The plane buffeted as I banked to the left to follow the coastline. I was flying south at 2,000 feet, along the coast of the Sea of Cortez on the Baja Peninsula. My two friends, Mark and George, had put their lives in my hands, innocently trusting that, as a novice pilot with only 300 flying hours in my log book, I would land them safely in Mulege, Baja, Mexico. We had departed from a dark and chilly San Jose, California at 5 a.m. and had a smooth ride through southern California. In San Felipe, Mexico, we managed to clear Mexican customs without any problem. We were a couple of hundred miles down the Baja Peninsula, when we hit moderate turbulence and my four-seat Cessna Cardinal became a bucking bronco. “There’s no turning back now!” I joked. “Are you okay George?” George, who had confessed his fear of flying before we took off, was on his first long trip in a small plane. A long-time backpacking buddy, he and I had previously taken one short flight to Lake Tahoe in calm air for a weekend backpacking trip. This trip, however, was 1,000 miles over terrain that offered no place to land in case of an emergency. “Our only choices for landing now are the rocks or the ocean!” I yelled. George groaned and laughed at the same time. “Now you tell me!” He said as he cinched up his seatbelt.
I gave the controls to Mark, who was sitting in the co-pilot’s seat. “Think you can keep the plane straight and level while I check the map?” I said. “No problema”, Mark said. Mark had taken the controls on numerous occasions and I was confident that he was up to the task of keeping us from crashing. The turbulence we were experiencing was not serious, just a little exciting. I got out my map and studied it. “I’ve got an idea,” I said, “Why don’t we land in Punta San Francisquito?” “Where’s that?” George’s voice chimed in on my headset. “It’s a dirt strip, right next to the beach, about 150 miles from nowhere. You have to use a 4-wheel drive to get there on land, over very bad dirt roads. But it is a favorite hangout for pilots on their way down the Baja Coast. They have about ten palapas (open air grass huts) and a white sandy beach. They say the food there is supposed to be pretty good.” “I’m game,” Mark said. “Sounds great!” George agreed. “According to the map, we should be coming up on it in about 15 minutes,” I said. I took the controls back from Mark, gave him the map, and started a slow descent. “It should be just beyond the next point over there,” Mark said.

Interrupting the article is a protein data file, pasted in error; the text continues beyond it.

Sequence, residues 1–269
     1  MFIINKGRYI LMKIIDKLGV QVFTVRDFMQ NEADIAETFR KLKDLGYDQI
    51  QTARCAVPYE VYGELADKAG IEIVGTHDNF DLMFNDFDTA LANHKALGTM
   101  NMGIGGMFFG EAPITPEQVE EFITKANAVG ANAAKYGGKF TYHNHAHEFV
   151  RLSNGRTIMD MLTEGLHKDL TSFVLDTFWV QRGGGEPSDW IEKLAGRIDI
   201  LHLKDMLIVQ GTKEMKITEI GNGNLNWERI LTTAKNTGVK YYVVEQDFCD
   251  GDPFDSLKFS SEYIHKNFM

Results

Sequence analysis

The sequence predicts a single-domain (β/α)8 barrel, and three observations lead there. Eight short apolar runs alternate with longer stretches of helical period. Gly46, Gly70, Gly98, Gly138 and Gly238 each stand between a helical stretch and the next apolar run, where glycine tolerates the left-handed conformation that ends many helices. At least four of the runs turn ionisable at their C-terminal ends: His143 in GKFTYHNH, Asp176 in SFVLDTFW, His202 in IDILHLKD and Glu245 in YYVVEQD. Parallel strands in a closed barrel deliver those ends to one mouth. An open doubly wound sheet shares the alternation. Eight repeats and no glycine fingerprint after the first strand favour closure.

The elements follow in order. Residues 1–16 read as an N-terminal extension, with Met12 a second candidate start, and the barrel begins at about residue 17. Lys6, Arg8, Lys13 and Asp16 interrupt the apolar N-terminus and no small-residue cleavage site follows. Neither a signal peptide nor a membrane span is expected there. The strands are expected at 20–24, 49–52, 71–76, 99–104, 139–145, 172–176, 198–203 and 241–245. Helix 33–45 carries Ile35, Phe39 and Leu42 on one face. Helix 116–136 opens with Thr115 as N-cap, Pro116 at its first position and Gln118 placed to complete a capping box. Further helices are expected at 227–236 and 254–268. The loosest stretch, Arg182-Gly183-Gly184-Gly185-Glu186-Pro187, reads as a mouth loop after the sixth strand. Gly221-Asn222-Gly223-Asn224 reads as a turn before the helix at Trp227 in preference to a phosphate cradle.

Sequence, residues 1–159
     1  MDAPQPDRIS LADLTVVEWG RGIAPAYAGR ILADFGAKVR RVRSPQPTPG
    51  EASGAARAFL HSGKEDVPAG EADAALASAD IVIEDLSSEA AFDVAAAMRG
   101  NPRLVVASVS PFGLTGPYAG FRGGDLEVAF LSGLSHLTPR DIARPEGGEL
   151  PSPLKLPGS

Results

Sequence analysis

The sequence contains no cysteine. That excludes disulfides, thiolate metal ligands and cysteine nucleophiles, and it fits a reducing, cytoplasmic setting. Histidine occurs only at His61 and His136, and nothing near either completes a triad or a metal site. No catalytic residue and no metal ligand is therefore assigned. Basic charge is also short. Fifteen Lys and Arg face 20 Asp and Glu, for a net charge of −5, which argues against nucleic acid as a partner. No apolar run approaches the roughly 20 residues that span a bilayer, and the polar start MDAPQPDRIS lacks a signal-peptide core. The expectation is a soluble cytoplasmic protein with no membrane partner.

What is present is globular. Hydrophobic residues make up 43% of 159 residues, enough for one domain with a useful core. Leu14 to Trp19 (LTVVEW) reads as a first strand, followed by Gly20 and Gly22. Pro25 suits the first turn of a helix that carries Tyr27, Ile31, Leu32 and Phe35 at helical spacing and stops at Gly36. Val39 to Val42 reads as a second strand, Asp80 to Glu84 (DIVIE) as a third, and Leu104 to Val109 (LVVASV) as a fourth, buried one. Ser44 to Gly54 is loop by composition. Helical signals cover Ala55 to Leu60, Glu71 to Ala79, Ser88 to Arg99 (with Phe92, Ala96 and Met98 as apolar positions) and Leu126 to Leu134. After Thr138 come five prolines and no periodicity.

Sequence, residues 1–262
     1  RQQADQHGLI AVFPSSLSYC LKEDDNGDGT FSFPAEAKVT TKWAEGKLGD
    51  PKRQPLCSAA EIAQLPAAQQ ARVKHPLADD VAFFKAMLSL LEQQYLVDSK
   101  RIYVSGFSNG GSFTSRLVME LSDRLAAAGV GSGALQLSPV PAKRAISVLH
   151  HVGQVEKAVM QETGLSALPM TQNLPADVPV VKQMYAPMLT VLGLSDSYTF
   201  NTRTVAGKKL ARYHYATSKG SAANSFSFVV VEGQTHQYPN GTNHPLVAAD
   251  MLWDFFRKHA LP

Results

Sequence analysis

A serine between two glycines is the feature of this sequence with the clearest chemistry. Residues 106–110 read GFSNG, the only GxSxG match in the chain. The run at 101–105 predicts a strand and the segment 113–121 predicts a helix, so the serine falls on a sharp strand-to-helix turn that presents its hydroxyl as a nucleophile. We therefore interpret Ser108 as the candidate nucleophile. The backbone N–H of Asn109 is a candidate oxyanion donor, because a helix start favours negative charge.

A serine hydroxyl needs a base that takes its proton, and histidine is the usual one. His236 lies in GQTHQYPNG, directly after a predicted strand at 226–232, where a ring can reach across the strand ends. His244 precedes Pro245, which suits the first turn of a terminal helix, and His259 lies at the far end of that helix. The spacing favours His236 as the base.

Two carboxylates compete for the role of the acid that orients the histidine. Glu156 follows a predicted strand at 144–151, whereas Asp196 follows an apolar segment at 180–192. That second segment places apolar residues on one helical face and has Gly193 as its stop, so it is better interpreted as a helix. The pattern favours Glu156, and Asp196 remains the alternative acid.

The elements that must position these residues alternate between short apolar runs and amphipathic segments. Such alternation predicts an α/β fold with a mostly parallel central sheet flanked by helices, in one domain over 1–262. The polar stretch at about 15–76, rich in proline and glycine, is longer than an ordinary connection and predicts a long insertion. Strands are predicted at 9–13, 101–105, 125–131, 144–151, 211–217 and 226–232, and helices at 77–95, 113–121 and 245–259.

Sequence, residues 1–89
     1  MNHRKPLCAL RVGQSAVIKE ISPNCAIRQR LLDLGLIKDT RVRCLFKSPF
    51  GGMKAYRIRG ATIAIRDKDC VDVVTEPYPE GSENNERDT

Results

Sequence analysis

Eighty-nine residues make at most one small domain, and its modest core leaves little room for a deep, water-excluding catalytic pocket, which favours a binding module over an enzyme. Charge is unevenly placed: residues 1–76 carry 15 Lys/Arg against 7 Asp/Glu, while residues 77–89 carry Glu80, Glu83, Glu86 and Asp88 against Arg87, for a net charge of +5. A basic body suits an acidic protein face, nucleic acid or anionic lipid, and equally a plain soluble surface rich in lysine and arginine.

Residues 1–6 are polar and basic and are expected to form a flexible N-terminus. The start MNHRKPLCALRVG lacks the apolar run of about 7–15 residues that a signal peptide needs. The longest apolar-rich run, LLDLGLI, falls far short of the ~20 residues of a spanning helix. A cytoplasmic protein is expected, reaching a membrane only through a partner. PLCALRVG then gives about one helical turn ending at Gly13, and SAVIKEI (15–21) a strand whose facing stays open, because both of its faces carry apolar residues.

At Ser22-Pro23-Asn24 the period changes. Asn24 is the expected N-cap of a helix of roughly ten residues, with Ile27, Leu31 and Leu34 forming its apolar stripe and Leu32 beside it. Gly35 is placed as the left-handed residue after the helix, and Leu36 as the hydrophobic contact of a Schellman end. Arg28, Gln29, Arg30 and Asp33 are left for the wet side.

I ran through my prelanding checklist, silently repeating the words to myself, “Carb heat, cowl flaps, gas, under carriage, mix, prop, seatbelts.” We flew over the rugged outcropping of rocks that Mark had just pointed out, as the grass huts of Punta San Francisquito came into view. Below us, way out here in the middle of nowhere, was the shimmering greenish blue water of the Sea of Cortez, a mile-long, white sandy beach, and a handful of grass huts. “Bet it’s a long drive to the nearest Safeway!” Mark said. I took the plane out over the water, banked left and made my radio call. “ San Francisquito traffic, Cardinal 13733, left base, landing, San Francisquito.” As we came in for a landing, from two hundred feet, we could see three people sitting on the beach next to a palapa, watching us, obviously curious about their new visitors. I landed on the dirt and taxied over to a tie down near the beach. “Not bad for my first time landing on dirt!” I said. “Ugh” George groaned. “Now you tell me!”